Macedonian Embroidered Hot Pepper [[start tab]]

Description

80 days. We’re so excited to be able to offer this gorgeous hot pepper. They are known as Vezena Piperka or “Embroidered Pepper” in Macedonia (in Eastern Europe) due to their distinctive, knitted thread-like appearance. Peppers are 5-6” long and ripen from green to red. They’re a step or so hotter than a jalapeño, and have a lovely rich flavor. This variety was introduced to us by our Macedonian friend Smilka Zdravkovska who raises the peppers in her garden and who gave us the seeds. In Macedonia, Smilka tells us, the peppers are strung up to dry and then pulled from the string as needed and put whole into bean stew. Mike loves making hot sauce out of the peppers, roasting them first till they darken up and then blending them with garlic, salt and olive oil. Although the pepper itself is red, once roasted and blended the sauce is a gorgeous, deep orange. Another traditional use of the fruits is that they are dried and then used to make paprika powder. This pepper is easy to grow and produces tons of fruit. It is a compact plant that does not need to be staked. Can be eaten green but flavor is best harvested once red and deeply embroidered. Stay tuned for a Seeds of Our Ancestors’ article covering this delightful hot pepper!

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Growing

Growing Instructions (for USDA Zone 5b):

All peppers are warm-weather loving plants. Sow seeds indoors 3/15-4/1 into good seed starting mix (we recommend Vermont Compost’s Fort Light). Ideal temperature for germination is 80-90° (use heating mat). Days to germination: 6-28. Once leaves appear, grow plants at 72°. Be sure seedlings have adequate light (a windowsill will not do for peppers) and keep plants from becoming pot-bound because this will permanently stunt plants. If seedlings are getting too big for their pot but the weather is still too cold outside, transplant them into bigger pots. Plant seedlings outside late May into fertile garden soil with lots of compost or decomposed manure. If your soil pH is greater than 7 (which is typical of clay soils in Southeast Michigan) add sulfur to acidify soil before planting. Space plants 1 ½ - 2ft apart. If plants begin to flower when plants are less than 1ft tall, hand remove early flowers for 2 weeks until plants are bigger. Stake pepper plants if they begin to fall over.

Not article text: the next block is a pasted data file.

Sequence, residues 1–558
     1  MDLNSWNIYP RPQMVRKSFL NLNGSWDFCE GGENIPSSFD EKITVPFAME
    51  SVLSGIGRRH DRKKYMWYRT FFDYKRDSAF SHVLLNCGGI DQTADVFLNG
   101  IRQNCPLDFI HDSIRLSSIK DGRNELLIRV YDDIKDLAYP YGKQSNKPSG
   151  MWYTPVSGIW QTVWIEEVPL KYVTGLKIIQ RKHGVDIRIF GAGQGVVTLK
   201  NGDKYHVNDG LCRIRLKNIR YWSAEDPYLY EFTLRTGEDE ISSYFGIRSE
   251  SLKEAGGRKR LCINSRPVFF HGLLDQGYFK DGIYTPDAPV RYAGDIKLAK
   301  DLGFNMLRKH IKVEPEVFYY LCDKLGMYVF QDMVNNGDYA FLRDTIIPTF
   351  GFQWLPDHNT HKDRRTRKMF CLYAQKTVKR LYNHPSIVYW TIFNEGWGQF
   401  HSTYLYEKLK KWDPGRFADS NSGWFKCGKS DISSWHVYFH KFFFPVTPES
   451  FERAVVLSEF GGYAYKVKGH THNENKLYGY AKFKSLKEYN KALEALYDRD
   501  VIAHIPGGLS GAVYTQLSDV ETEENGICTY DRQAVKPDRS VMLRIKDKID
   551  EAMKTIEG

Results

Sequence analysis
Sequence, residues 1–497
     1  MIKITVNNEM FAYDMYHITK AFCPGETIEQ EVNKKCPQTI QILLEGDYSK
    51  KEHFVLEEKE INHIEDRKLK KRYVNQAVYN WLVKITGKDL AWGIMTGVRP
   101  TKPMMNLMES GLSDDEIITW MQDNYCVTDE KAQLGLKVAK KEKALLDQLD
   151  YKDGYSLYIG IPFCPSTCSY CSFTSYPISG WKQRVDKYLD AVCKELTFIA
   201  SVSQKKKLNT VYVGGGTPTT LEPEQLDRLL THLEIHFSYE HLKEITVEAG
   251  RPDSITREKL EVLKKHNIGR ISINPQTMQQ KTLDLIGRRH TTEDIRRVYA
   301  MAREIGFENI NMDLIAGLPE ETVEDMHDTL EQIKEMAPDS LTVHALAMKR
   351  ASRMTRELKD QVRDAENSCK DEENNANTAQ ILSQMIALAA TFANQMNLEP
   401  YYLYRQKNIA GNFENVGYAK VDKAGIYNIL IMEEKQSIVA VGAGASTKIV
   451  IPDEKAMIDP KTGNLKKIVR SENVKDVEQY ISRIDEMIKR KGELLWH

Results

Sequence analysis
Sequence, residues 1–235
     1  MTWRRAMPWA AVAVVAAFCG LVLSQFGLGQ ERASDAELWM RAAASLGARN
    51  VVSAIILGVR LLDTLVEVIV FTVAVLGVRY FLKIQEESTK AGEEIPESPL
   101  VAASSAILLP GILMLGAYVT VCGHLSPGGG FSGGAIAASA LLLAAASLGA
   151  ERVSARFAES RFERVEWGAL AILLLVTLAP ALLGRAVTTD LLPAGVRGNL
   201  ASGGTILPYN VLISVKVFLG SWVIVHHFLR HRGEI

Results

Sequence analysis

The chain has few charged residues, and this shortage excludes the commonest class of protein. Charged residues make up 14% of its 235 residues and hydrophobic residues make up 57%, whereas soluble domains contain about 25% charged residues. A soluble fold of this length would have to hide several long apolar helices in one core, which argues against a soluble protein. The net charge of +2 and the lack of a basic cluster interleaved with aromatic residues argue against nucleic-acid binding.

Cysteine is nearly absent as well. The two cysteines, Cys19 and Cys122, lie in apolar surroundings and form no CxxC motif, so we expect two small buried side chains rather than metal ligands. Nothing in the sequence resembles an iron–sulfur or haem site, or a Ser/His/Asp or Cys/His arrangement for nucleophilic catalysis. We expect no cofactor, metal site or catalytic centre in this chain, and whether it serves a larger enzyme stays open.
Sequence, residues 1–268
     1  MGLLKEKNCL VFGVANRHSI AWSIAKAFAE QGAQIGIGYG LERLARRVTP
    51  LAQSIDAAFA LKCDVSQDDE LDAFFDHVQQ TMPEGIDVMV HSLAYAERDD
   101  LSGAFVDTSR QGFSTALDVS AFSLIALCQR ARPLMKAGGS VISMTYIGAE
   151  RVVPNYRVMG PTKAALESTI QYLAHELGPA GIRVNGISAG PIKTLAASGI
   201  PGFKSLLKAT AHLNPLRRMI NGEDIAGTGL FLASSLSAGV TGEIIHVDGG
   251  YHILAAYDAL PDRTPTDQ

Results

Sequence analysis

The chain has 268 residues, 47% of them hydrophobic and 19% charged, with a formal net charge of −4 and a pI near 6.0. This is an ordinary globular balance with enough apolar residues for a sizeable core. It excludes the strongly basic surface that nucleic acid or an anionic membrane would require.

Harvest:

Harvest when fully red ripe for full flavor. Peppers can also be harvested and eaten green.

Seed Saving Instructions for gardeners:

Peppers are primarily self-pollinating but insects will cause significant cross pollination between pepper varieties. To keep variety pure, cover plants with low tunnels (using thin row cover fabric) to exclude pollinators. Or, isolation distance: 300 ft. Always save seeds from the best plants. Save seeds from fully ripe peppers. Process hot pepper seeds outdoors wearing rubber gloves; rinse and dry seeds.